Yoga
14 Case Studies
19 Member Stories
3 Research

Around the world over thousands of years, patients have received root-cause holistic treatment for their diseases with personalized treatment, diet and lifestyle modification recommendations. Read the inspiring true stories of practitioners who heal people and who recovered from their problems after Yoga treatment at their clinics. Many have been generous to share their knowledge and experience for the benefit of other holistic experts and patients alike. Many practitioners share their Case Studies and the healing powers of Yoga and related therapies as they heal people who benefited from our expertise.

January 2018

Dysfunctional uterine bleeding (DUB) is one of the most common gynecological disorders encountered in women during the reproductive age. Yoga therapy has shown promising benefits in several gynecological disorders.Thirty women between the ages of 20 and 40 years with primary DUB were randomly assigned to a yoga (n = 15) and a waitlist control group (n = 15). Participants in the yoga group received a 3-month yoga module and were assessed for hemoglobin values, endometrial thickness (ET), pictorial blood loss assessment chart (PBAC), State-Trait Anxiety Inventory, perceived stress scale, and Pittsburgh Sleep Quality Index (PSQI) before and after a 3-month follow-up period.At the end of 3 months of intervention, the yoga group, unlike the control group, reported a significant reduction in the anxiety scores (P < 0.05) and perceived stress (P < 0.05). The PSQI scores indicated a reduction in sleep disturbances (P < 0.001) and the need for sleep medications (P < 0.01) and higher global scores (P < 0.001). However, there were no changes in PBAC and ET in both the groups.The results indicate that yoga therapy positively impacts the outcome of DUB by reducing the perceived stress and state anxiety and improving the quality of sleep. This warrants larger clinical trials to validate the findings of this pilot study.
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June 1990

The effects of two pranayama yoga breathing exercises on airway reactivity, airway caliber, symptom scores, and medication use in patients with mild asthma were assessed in a randomized, double-blind, placebo-controlled, crossover trial. After baseline assessment over 1 week, 18 patients with mild asthma practiced slow deep breathing for 15 min twice a day for two consecutive 2-week periods. During the active period, subjects were asked to breathe through a Pink City lung (PCL) exerciser--a device which imposes slowing of breathing and a 1:2 inspiration: expiration duration ratio equivalent to pranayama breathing methods; during the control period, subjects breathed through a matched placebo device. Mean forced expiratory volume in 1 s (FEV1), peak expiratory flow rate, symptom score, and inhaler use over the last 3 days of each treatment period were assessed in comparison with the baseline assessment period; all improved more with the PCL exerciser than with the placebo device, but the differences were not significant. There was a statistically significant increase in the dose of histamine needed to provoke a 20% reduction in FEV1 (PD20) during pranayama breathing but not with the placebo device. The usefulness of controlled ventilation exercises in the control of asthma should be further investigated.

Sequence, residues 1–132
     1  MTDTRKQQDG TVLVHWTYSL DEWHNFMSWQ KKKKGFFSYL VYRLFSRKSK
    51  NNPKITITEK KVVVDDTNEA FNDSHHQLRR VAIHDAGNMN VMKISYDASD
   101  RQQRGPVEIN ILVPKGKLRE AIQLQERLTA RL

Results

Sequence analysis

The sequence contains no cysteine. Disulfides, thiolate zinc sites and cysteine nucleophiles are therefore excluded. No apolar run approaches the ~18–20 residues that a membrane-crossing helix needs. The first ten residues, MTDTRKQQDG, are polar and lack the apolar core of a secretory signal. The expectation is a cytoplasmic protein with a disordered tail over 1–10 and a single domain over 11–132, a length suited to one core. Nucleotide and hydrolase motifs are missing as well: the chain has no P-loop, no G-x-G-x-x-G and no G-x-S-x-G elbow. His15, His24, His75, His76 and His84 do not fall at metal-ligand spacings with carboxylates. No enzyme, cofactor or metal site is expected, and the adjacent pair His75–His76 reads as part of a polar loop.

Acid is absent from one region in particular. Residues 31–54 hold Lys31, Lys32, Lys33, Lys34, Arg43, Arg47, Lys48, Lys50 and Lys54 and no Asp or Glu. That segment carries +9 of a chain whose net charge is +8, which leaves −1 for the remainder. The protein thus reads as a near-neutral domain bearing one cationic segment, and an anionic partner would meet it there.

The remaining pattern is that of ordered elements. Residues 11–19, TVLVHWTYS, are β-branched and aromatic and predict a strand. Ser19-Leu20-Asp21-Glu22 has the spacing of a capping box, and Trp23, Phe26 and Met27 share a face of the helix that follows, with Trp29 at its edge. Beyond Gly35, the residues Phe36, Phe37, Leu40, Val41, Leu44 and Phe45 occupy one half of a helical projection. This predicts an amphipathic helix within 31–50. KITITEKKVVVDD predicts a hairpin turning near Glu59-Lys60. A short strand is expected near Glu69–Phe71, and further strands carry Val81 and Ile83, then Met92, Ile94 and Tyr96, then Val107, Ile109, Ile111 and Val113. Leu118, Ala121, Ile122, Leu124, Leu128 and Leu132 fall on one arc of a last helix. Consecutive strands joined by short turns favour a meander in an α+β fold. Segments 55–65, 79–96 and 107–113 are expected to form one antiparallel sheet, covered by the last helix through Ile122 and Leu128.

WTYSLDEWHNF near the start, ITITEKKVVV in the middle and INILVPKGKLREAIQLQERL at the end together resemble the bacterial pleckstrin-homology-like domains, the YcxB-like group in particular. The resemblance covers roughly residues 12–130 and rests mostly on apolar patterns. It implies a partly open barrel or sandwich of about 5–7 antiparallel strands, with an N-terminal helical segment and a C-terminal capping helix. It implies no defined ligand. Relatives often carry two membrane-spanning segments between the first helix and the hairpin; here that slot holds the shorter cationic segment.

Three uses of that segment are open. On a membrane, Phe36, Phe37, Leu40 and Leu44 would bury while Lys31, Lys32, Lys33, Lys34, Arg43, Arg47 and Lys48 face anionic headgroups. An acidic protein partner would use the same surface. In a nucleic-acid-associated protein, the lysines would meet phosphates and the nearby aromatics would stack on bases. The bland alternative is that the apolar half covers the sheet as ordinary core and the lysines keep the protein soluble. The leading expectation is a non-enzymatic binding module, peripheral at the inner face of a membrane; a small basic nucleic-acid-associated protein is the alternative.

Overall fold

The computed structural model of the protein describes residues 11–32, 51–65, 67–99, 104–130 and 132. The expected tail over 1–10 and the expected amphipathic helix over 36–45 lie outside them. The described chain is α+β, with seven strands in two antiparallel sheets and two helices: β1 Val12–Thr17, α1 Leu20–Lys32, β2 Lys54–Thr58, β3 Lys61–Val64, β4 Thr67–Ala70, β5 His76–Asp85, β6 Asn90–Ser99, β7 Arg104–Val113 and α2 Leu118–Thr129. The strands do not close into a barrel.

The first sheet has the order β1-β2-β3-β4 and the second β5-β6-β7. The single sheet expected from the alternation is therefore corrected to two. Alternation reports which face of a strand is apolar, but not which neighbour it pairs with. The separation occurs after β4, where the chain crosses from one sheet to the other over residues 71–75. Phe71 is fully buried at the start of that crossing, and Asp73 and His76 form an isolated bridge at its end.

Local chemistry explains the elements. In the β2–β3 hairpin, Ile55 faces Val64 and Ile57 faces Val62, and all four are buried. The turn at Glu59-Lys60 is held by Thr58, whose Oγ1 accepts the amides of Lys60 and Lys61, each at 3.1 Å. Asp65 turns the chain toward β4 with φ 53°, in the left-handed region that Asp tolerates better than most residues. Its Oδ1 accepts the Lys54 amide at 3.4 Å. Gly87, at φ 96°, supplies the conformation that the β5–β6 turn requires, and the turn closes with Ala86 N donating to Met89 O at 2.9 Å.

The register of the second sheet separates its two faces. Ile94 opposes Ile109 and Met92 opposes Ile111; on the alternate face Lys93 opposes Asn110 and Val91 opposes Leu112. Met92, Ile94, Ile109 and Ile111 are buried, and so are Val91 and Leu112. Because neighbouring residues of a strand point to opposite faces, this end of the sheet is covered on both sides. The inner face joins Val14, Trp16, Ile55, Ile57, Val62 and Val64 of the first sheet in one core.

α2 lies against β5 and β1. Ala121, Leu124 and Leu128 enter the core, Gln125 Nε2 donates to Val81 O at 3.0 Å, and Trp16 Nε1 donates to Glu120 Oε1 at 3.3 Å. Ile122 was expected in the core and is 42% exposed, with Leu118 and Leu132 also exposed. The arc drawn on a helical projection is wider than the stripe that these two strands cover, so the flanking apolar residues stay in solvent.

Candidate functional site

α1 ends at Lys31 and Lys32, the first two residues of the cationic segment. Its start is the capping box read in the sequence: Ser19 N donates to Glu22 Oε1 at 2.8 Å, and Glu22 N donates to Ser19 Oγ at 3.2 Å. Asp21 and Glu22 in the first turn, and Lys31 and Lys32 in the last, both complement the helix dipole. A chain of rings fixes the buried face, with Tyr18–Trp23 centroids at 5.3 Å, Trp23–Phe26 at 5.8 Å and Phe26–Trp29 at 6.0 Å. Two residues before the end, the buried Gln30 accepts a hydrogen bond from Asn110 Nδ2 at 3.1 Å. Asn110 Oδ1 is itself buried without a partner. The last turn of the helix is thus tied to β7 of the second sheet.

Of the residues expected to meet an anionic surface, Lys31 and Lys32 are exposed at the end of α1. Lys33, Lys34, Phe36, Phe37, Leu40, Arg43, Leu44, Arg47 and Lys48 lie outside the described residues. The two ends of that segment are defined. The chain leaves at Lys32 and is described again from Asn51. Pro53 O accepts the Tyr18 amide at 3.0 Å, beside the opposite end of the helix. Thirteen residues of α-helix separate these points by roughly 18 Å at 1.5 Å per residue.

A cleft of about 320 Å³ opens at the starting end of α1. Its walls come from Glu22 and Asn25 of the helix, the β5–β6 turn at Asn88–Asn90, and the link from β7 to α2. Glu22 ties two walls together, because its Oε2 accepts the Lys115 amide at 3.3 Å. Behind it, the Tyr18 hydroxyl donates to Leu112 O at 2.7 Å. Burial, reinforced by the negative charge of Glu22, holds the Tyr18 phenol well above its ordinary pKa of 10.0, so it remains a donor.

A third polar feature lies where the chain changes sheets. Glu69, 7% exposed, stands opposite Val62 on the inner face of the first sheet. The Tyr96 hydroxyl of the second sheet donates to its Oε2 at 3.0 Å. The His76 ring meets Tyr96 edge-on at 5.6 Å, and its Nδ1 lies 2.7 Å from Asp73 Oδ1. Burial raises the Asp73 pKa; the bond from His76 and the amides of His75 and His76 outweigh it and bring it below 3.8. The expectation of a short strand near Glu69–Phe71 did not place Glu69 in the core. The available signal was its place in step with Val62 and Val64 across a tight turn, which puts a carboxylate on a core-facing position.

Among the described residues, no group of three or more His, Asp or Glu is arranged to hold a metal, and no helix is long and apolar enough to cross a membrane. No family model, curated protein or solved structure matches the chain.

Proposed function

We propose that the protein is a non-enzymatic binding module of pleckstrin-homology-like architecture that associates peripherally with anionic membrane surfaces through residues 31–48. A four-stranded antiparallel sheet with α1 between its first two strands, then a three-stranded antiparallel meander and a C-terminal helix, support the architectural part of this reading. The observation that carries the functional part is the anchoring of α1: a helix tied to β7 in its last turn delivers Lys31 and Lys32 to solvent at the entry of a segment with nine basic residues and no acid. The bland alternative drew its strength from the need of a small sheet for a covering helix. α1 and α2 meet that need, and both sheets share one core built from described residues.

How long should one do pranayama?


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December 2009

Background:
Patients with asthma are interested in the use of breathing exercises but their role is uncertain. The effects of the Buteyko breathing technique, a device which mimics pranayama (a yoga breathing technique), and a dummy pranayama device on bronchial responsiveness and symptoms were compared over 6 months in a parallel group study.
METHODS:
Ninety patients with asthma taking an inhaled corticosteroid were randomised after a 2 week run in period to Eucapnic Buteyko breathing, use of a Pink City Lung Exerciser (PCLE) to mimic pranayama, or a PCLE placebo device. Subjects practised the techniques at home twice daily for 6 months followed by an optional steroid reduction phase. Primary outcome measures were symptom scores and change in the dose of methacholine provoking a 20% fall in FEV(1) (PD(20)) during the first 6 months.
Results:
Sixty nine patients (78%) completed the study. There was no significant difference in PD(20) between the three groups at 3 or 6 months. Symptoms remained relatively stable in the PCLE and placebo groups but were reduced in the Buteyko group. Median change in symptom scores at 6 months was 0 (interquartile range -1 to 1) in the placebo group, -1 (-2 to 0.75) in the PCLE group, and -3 (-4 to 0) in the Buteyko group (p=0.003 for difference between groups). Bronchodilator use was reduced in the Buteyko group by two puffs/day at 6 months; there was no change in the other two groups (p=0.005). No difference was seen between the groups in FEV(1), exacerbations, or ability to reduce inhaled corticosteroids.
Conclusion:
The Buteyko breathing technique can improve symptoms and reduce bronchodilator use but does not appear to change bronchial responsiveness or lung function in patients with asthma. No benefit was shown for the Pink City Lung Exerciser.




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